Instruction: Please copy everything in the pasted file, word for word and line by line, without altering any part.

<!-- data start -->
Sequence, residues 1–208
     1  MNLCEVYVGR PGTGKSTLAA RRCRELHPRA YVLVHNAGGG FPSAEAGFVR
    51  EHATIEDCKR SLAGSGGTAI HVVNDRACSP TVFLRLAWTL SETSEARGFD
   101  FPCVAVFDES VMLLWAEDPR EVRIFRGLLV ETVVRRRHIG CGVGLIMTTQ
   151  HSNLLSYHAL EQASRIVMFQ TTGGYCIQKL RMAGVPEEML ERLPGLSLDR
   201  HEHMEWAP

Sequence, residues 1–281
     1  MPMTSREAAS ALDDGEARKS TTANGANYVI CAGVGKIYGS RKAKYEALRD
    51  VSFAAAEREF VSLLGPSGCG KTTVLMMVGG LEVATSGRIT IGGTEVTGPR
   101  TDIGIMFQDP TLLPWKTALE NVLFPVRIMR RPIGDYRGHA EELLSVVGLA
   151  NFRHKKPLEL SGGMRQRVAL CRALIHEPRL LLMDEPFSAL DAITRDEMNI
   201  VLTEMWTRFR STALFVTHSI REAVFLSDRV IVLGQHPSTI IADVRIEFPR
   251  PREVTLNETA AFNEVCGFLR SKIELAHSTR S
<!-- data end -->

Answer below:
Sequence, residues 1–208
     1  MNLCEVYVGR PGTGKSTLAA RRCRELHPRA YVLVHNAGGG FPSAEAGFVR
    51  EHATIEDCKR SLAGSGGTAI HVVNDRACSP TVFLRLAWTL SETSEARGFD
   101  FPCVAVFDES VMLLWAEDPR EVRIFRGLLV ETVVRRRHIG CGVGLIMTTQ
   151  HSNLLSYHAL EQASRIVMFQ TTGGYCIQKL RMAGVPEEML ERLPGLSLDR
   201  HEHMEWAP

Sequence, residues 1–281
     1  MPMTSREAAS ALDDGEARKS TTANGANYVI CAGVGKIYGS RKAKYEALRD
    51  VSFAAAEREF VSLLGPSGCG KTTVLMMVGG LEVATSGRIT IGGTEVTGPR
   101  TDIGIMFQDP TLLPWKTALE NVLFPVRIMR RPIGDYRGHA EELLSVVGLA
   151  NFRHKKPLEL SGGMRQRVAL CRALIHEPRL LLMDEPFSAL DAITRDEMNI
   201  VLTEMWTRFR STALFVTHSI REAVFLSDRV IVLGQHPSTI IADVRIEFPR
   251  PREVTLNETA AFNEVCGFLR SKIELAHSTR S